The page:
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In 2012, Ann Friedman wrote for New York Magazine that Hillary Clinton was 'trapped in the catch-22 of female ambition: To succeed, she needs to be liked, but to be liked, she needs to temper her success.' In 2017, Friedman's analysis holds truer than ever. The 2016 election is evidence of the paradox which entraps working women like Clinton. It's also evidence of misogynistic social structures, which posit likability as a prerequisite for female success. 

During her first post-election interview at the eighth annual Women in the World Summit, the New York Times' Nick Kristof asked Clinton to address 'the research that some social scientists have pointed to that women can be perceived as either likable or as competent leaders, but not as both,' and how that research might impact young women who want to run for office.

Clinton advised young women considering political careers to 'be ready.' Although the likability paradox surrounding female leaders 'is not a new phenomenon... it feels new and painful every time it happens to you.'

On the social science research evidencing attitudes about likability, Clinton said, 'Many academics have written about it. It's a pretty simple but unfortunate phenomenon. With men, success and ambition are correlated with likability, so the more successful a man is, the more likable he becomes! With a woman, guess what? It's the exact opposite. So the more successful and therefore ambitious a woman is, the less likable she becomes. That's the inverse correlation that lies at the heart of a lot of the attacks and the misogyny.'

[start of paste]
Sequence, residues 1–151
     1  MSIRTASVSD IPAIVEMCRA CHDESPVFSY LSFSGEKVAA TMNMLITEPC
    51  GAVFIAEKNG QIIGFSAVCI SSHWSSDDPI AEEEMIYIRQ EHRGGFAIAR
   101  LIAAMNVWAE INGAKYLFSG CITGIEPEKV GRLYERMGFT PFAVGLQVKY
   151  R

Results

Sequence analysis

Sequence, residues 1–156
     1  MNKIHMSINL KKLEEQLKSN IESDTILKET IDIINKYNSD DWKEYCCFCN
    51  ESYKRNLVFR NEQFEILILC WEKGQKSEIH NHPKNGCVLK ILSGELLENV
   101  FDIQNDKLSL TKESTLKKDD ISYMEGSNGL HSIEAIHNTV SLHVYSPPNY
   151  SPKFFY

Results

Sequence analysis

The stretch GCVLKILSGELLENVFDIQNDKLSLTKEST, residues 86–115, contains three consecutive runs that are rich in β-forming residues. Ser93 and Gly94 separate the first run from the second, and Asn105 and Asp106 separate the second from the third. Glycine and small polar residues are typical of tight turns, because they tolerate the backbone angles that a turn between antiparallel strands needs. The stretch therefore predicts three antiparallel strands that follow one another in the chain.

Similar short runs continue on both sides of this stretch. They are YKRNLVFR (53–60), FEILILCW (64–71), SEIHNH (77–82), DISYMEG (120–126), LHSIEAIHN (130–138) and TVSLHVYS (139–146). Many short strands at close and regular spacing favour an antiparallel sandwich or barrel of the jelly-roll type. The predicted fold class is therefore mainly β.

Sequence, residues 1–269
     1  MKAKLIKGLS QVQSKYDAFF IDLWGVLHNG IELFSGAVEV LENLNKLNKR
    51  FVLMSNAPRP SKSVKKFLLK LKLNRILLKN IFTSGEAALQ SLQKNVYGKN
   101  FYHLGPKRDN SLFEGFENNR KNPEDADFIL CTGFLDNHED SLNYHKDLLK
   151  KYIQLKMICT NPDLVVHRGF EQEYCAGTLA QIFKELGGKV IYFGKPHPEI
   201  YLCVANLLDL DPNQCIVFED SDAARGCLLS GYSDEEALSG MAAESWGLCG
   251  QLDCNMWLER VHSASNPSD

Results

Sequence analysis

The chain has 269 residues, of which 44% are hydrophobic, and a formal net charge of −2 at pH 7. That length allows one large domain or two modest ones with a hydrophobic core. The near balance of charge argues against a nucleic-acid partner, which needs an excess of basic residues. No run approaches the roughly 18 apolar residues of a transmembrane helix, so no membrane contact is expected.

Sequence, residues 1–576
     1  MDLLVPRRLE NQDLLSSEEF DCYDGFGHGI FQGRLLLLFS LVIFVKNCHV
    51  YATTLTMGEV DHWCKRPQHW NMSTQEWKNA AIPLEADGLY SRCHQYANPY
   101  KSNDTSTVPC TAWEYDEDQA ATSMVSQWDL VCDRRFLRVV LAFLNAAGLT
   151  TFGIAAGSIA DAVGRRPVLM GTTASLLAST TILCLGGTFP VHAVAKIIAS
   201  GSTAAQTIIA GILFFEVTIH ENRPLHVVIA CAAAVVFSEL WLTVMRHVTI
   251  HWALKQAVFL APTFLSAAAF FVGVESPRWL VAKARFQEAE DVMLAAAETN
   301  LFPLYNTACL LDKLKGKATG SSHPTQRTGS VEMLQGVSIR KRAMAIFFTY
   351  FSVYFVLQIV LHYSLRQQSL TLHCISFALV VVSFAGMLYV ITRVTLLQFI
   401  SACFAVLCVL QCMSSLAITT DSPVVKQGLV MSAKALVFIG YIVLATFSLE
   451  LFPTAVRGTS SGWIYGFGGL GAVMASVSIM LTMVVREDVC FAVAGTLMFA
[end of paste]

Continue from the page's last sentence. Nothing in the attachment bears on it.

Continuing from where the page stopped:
And Clinton's own political career is evidence of this catch-22, or 'inverse correlation,' between likability and female ambition. In 2013, the Washington Post considered her the most popular politician in the country. In a Washington Post-ABC News poll from that year, 'Fully 67 percent of all Americans... [expressed] favorable views of the outgoing secretary of state, a record high in the survey for Clinton...' But by the time of her presidential campaign in 2016, the conservative public was calling for Clinton's arrest. 

Still, Clinton doesn't care about likability, and neither do we. Instead, she implores young women to pursue political careers: 'We really need you, and we need more young people and we particularly need more young women.'

Top photo: Vintage

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Olivia Loperfido is an English and psychology major at New York University's College of Arts and Sciences, and the junior editor of NYU's Mercer Street (2017-'18). She enjoys spending time with her dogs and tortoise, watching RuPaul's Drag Race, and contacting her state representatives. Follow her on Instagram here and contact her via email here

 

 

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